The Wall Street Journal explains (subscription required) how hedge funds are the ultimate beneficiaries of a substantial part of AIG bailout money. Hedge fund clients of Deutsche Bank wanted to bet against residential mortgage-backed securities (RMBS). So the Bank sold them protection credit default swaps.

Deutsche Bank wanted to hedge its exposure to its own CDSs, so it set up portfolios of notes, secured by residential mortgages, in off-shore jurisdictions. They called these entities Starts, and designed them to track the value of RMBS. Then it bought protection from the Starts. But that was not enough. So the Starts bought protection credit default swaps aggregating $1bn from AIG. The premiums for this insurance were in the range of $10mn per year. The outcome?

Last fall, after AIG’s credit rating was cut, the insurer paid roughly $800 million to START, according to two people familiar with the matter. Much of the money is being held in escrow and will be used to pay off Deutsche’s swap contracts if mortgage defaults in the portfolio rise above a certain level. Some of that money could go through Deutsche to its hedge-fund clients.

Goldman Sachs (them again) did the same thing, using CDOs named Abacus.

AIG paid $5.4 billion to Deutsche Bank, and $8.1 billion to Goldman Sachs, on their CDSs. This is both money from Maiden Lane II, and direct transfers of cash collateral to these institutions.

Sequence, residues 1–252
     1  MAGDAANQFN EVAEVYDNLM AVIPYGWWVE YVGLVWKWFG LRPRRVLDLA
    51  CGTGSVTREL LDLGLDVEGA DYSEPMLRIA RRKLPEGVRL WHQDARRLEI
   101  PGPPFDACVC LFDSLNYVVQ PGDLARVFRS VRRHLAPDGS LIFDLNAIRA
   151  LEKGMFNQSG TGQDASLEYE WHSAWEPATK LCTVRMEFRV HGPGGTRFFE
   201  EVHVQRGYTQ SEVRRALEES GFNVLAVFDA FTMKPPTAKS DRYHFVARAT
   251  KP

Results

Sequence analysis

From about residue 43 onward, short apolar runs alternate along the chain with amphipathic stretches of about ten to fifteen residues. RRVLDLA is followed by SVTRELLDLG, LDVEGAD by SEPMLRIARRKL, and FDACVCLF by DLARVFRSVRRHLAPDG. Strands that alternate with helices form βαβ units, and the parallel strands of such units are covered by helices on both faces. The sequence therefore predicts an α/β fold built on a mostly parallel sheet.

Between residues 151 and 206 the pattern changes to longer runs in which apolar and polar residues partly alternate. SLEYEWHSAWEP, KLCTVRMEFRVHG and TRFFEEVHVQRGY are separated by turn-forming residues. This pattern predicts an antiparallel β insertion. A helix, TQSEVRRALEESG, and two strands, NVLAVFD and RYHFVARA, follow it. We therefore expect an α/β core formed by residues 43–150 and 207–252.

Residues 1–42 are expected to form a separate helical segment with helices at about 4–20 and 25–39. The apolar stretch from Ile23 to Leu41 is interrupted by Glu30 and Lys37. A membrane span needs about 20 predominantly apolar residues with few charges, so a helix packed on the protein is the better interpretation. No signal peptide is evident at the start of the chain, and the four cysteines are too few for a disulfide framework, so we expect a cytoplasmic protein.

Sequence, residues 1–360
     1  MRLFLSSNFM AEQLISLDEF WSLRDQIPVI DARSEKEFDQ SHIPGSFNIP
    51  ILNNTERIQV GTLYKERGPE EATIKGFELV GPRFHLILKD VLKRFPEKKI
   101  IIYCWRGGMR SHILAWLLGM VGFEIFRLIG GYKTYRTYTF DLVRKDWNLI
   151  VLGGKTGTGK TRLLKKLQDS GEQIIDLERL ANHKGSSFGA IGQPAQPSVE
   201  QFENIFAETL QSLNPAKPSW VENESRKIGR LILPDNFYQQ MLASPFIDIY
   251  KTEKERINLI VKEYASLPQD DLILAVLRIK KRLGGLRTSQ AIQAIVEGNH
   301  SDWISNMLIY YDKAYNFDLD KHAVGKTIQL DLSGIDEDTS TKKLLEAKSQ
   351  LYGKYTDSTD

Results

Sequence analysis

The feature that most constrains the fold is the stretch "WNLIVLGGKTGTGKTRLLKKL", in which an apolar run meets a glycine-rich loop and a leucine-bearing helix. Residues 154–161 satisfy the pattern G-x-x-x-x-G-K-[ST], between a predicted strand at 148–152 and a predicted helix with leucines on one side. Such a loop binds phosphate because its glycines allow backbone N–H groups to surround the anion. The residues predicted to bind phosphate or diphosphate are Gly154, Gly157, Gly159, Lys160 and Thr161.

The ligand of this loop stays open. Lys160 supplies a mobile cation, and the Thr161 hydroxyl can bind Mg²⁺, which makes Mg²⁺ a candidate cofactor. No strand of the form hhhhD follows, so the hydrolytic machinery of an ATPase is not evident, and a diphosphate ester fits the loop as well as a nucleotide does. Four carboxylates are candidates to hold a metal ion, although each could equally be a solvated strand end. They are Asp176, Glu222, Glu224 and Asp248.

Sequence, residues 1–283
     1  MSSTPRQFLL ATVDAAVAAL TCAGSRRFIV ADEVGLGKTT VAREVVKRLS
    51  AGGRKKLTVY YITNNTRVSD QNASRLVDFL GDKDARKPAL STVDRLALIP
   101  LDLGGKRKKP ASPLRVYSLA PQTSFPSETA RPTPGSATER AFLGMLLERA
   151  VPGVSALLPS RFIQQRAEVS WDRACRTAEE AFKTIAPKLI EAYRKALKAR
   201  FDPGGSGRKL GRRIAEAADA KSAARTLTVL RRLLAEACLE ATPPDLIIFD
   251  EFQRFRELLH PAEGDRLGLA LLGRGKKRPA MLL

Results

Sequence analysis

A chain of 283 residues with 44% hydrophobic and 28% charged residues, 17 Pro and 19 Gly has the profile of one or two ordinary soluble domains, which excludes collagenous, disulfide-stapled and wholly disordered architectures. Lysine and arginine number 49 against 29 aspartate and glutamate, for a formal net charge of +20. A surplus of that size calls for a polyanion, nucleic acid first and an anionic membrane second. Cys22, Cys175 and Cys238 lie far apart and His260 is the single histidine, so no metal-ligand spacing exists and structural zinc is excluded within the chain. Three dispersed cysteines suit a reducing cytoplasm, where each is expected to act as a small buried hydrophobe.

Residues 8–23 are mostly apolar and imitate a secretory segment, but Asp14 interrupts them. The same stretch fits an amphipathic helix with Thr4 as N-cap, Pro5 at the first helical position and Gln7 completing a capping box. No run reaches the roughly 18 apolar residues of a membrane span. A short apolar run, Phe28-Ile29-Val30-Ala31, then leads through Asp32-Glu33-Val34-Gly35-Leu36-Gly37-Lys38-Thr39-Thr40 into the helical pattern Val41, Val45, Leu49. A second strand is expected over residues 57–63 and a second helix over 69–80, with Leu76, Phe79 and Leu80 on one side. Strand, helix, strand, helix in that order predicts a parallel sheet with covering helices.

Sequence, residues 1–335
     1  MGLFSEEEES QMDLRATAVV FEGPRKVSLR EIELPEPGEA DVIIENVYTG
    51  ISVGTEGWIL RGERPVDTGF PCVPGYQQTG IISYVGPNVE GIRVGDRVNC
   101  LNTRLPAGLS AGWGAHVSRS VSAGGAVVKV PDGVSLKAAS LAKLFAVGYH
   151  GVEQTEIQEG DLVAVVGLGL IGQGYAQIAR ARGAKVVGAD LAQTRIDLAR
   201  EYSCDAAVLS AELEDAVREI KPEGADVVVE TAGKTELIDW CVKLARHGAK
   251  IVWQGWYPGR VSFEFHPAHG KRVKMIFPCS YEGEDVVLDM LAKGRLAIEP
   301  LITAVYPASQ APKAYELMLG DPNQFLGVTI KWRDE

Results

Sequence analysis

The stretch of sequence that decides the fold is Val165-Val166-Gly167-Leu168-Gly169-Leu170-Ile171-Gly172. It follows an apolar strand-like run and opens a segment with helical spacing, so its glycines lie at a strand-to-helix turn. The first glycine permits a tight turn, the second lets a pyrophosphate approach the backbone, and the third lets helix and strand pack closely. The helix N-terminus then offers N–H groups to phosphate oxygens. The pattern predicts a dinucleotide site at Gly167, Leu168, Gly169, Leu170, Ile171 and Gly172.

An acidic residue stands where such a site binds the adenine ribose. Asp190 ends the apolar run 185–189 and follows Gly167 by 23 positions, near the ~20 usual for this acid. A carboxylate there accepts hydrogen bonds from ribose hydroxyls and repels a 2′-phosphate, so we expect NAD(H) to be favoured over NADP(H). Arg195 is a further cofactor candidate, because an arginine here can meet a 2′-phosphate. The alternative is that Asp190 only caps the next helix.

Let’s see what the implications of this might be. First, one of the questions FDL gave to the House committee to ask AIG’s CEO Ed Liddy was whether any of the CDSs supported by the AIG bailout went to pay off naked credit default swaps. (Thanks, Hugh). If this story is right, the answer is almost certainly yes. Credit default swaps are used as a substitute for shorting debt instruments, because, in thinly traded markets, it is not often possible to borrow the instrument and sell it, and then buy it back when you want to cash out. That almost certainly means the hedge funds held naked CDSs.

Second, Goldman Sachs creates various investment funds for its clients, and its employees are expected to invest. Employee money makes up as much as 1/3 of the total funds invested. If investment funds of Goldman Sachs bet against housing, that means the employees of Goldman are big winners. But maybe not. The primary point of the NYT article is that Goldman Sachs employees have lost a lot of money in the most recent funds–so much so that Goldman has to lend money to them to meet their capital calls. Why, you ask?

…[S]ome Goldman employees who financed their gilded lifestyles by borrowing in good times are suddenly short on cash needed to meet commitments to their personal investments in the funds. “It’s a problem with the culture of spending,” said Gustavo Dolfino, the president of Whiterock Group, a Wall Street recruitment firm. “No matter how much you have, you spend like you have a lot more.”

Ah, that dratted culture of spending.

Third, I mused in a recent post whether AIG counterparties were planning to cash in on the next bank bailout, under which Treasury will lend money to hedge funds and other private groups to buy up toxic waste on sumptuously favorable terms.

Now we have an answer to that question. Not only do the rich get bailed out, they use those profits to fund a no-lose proposition buying banks out of their problems at non-market prices.

Fourth. Why are the Treasury people such wusses?



I read a lot of books.